Slavery is as real in the UK in 2015 as it was 200 years ago.
The title of this blog says it all: Slavery is as real in 2015 as it was in 200 years ago. It is a disgrace that in 2015 we have to use the words slavery; as many would believe this term has long been banished. However, Modern Slavery is as real today as it was leading up to the Abolition of the Slave Trade Act of 1807.
If we go back over 200 years to when Lord Grenville made a passionate speech arguing that the slave trade was ‘contrary to the principles of justice, humanity and sound policy’ rings true today as it did when he said it in 1806. However, the sad truth of it is in 2013 ten-thousand to thirteen-thousand people in the UK are trapped in slavery.
Slavery exists today for the very same reasons as before. The driver is high profits, low risk. Forced labour is not only organised crime, but used by regular businesses too. Forced labour is the area of construction, care and hospitality. However, the most common areas for adults is the sex trade, whereas for children is forced labour. It is shocking that between 2010/12 half the countries across the world had less than 10 convictions for Modern Slavery.
There is often confusion of the terminology around trafficking and smuggling. The easiest way of explaining is: human trafficking is a crime against a person by acquisition of people by improper means. Whereas human smuggling is the procurement of an illegal entry of a person into a State. Though the two can merge.
We need to make sure Modern Slavery has no place in society. I hope the Modern Slavery Act which is currently winding its way through the House of Lords and Parliament will tackle this issue. When enacted, this piece of legislation will replace, and simplify the current law covering all offences previously described as human trafficking, slavery, forced labour and domestic servitude.
Just like in 1807 when Britain became the first county in the world to outlaw slavery, The Modern Slavery Bill is the first of its kind in Europe in addressing slavery and trafficking in the 21st century. It will give law enforcement the powers they do desperately need to target the slave drivers, that will ensure perpetrators are severely punished. The new legislation will also improve the support and protection of the victims of those vile trade.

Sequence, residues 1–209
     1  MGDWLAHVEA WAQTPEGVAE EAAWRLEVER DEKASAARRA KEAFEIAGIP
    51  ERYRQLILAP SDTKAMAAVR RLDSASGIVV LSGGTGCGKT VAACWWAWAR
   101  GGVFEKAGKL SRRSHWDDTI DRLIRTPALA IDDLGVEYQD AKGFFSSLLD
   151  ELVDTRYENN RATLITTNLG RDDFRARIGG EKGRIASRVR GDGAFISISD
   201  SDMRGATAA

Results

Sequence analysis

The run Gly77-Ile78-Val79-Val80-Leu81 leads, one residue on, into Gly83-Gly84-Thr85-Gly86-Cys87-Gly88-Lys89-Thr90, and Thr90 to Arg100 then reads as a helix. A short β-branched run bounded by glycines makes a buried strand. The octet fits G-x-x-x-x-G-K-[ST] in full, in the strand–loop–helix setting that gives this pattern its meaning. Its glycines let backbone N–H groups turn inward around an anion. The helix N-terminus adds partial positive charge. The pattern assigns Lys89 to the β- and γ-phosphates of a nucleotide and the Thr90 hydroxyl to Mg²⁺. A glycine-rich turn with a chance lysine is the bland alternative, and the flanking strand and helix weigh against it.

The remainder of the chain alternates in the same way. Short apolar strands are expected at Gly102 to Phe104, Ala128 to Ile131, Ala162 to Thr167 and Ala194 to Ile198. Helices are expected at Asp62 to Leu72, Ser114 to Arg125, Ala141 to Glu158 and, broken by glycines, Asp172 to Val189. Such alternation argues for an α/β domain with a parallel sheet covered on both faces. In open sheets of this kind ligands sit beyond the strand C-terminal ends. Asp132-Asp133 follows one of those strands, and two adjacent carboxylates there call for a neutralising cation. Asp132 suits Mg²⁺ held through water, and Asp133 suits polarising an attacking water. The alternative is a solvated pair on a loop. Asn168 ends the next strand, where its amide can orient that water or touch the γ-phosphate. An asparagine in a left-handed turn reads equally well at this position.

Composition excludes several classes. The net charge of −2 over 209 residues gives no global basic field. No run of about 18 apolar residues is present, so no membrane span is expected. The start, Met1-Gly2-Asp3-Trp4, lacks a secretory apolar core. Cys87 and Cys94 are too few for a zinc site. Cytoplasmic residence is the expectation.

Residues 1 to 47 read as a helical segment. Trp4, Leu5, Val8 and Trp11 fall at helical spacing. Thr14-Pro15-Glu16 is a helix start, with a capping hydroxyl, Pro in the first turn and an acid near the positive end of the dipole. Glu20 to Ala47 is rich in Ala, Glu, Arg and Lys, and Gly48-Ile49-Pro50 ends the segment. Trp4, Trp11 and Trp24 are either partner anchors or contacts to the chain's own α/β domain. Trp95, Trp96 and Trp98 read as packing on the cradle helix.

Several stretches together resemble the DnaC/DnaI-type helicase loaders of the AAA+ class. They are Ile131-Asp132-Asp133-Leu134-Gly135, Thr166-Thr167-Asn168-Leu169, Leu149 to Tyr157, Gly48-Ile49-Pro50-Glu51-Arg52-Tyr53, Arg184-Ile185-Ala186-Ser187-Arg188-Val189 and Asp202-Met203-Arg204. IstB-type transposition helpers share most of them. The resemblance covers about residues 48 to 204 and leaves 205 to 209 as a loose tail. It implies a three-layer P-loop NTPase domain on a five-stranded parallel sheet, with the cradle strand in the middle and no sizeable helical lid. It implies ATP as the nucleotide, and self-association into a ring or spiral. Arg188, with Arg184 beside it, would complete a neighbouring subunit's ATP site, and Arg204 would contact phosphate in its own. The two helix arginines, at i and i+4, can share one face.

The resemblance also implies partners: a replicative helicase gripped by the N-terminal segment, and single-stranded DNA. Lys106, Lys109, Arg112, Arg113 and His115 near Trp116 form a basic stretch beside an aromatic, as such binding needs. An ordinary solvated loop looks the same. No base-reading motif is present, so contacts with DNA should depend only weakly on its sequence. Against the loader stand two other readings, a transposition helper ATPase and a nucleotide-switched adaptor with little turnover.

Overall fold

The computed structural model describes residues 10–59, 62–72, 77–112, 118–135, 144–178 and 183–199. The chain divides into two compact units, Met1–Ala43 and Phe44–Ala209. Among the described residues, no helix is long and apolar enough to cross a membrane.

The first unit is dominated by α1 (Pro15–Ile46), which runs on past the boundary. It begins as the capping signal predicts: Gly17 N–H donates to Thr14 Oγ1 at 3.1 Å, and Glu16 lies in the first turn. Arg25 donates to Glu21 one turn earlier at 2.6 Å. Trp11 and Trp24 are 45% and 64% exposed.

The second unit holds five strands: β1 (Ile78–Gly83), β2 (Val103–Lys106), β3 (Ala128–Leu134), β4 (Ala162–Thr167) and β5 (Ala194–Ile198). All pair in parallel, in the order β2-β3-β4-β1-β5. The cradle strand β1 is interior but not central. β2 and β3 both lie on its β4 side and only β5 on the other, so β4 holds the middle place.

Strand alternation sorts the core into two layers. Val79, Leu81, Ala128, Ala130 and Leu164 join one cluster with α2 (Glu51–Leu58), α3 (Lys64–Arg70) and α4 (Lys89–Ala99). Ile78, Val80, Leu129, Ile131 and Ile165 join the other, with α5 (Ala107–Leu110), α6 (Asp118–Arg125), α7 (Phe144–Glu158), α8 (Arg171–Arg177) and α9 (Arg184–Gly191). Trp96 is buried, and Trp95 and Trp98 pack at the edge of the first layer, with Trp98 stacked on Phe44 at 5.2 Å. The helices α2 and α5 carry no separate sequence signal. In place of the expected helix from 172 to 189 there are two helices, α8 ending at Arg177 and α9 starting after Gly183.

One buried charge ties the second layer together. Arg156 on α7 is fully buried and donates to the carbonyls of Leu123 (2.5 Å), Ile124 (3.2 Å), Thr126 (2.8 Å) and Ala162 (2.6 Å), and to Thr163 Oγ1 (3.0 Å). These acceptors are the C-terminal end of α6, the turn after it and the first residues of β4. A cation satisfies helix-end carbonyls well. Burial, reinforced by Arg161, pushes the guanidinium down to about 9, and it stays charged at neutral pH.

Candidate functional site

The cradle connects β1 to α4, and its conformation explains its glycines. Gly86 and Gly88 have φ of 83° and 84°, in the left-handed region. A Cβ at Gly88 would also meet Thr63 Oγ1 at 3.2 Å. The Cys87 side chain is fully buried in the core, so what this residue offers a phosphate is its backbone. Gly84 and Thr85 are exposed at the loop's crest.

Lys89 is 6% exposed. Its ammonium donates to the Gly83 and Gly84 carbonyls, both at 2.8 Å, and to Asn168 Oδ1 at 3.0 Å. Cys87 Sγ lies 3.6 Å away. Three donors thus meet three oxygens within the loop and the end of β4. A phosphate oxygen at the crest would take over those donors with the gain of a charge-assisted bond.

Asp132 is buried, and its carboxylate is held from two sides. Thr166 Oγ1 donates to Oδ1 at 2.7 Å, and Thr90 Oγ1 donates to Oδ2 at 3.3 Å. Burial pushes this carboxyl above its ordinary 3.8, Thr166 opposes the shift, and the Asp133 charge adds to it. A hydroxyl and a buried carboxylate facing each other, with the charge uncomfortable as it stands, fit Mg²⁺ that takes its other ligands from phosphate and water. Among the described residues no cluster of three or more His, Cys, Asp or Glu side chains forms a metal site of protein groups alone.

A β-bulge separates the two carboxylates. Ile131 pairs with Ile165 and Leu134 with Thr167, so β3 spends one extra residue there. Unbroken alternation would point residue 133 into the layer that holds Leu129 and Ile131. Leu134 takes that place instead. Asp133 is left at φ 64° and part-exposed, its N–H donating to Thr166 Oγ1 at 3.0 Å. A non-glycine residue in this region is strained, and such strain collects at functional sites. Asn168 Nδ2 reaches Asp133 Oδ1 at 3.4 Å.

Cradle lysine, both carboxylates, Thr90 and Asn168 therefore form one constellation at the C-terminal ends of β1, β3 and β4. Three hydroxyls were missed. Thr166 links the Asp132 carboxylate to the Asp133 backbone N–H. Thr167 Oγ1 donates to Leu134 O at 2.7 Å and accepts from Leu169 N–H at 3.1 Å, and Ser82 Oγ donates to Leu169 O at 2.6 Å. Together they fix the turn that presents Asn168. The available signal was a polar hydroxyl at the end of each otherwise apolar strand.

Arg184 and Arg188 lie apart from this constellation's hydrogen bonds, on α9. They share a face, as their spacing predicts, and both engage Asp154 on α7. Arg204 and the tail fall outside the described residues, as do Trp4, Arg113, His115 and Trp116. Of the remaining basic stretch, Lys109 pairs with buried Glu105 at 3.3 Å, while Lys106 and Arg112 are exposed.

The Modern Slavery Bill will strengthen the response of law enforcement and the courts by:
- Consolidating and simplifying existing modern slavery offences into one Act. Currently modern slavery and trafficking offences are spread across a number of different Acts. The Bill fixes this, providing much-needed clarity and focus and making the law easier to apply.
- Increasing the maximum sentence available for the most serious offenders from 14 years to life imprisonment, with those who have a previous conviction for a serious sexual or violent offence facing an automatic life sentence.
- Introducing Slavery and Trafficking Prevention Orders and Slavery and Trafficking Risk Orders to restrict the activity of individuals where they pose a risk of causing harm.
- Creating a new Anti-Slavery Commissioner, a vital post that will drive an improved and more coordinated law enforcement response at all levels, working in the interests of victims.
- Ensuring that perpetrators convicted of slavery or trafficking face the toughest asset confiscation regime.
- Strengthening law enforcement powers at sea to close loopholes which prevent the police and Border Force being able to act where it is suspected that human trafficking or forced labour is taking place on board vessels at sea.
During the Modern Slavery Conference – held at the Eden Project – the audience heard from various Keynote speakers who talked about what is being done by different organisation to tackle Modern Slavery. However, it is only by partnership working with strong data sharing protocols will we really tackle Modern Slavery.
One of the Keynote speakers was the Anti-Slavery Commissioner, Kevin Hyland. In his address he outlined his key priorities which included: improved victim care and support; effective victim identification and training; partnership working; engagement of the business sector and evaluating organisation. It will be interesting to see how much an impact this office will have if it is not funded right.
The Modern Slavery Conference was excellent, with great keynote speakers. It also showed Cornwall and the South West is not immune to the vile trade of slavery.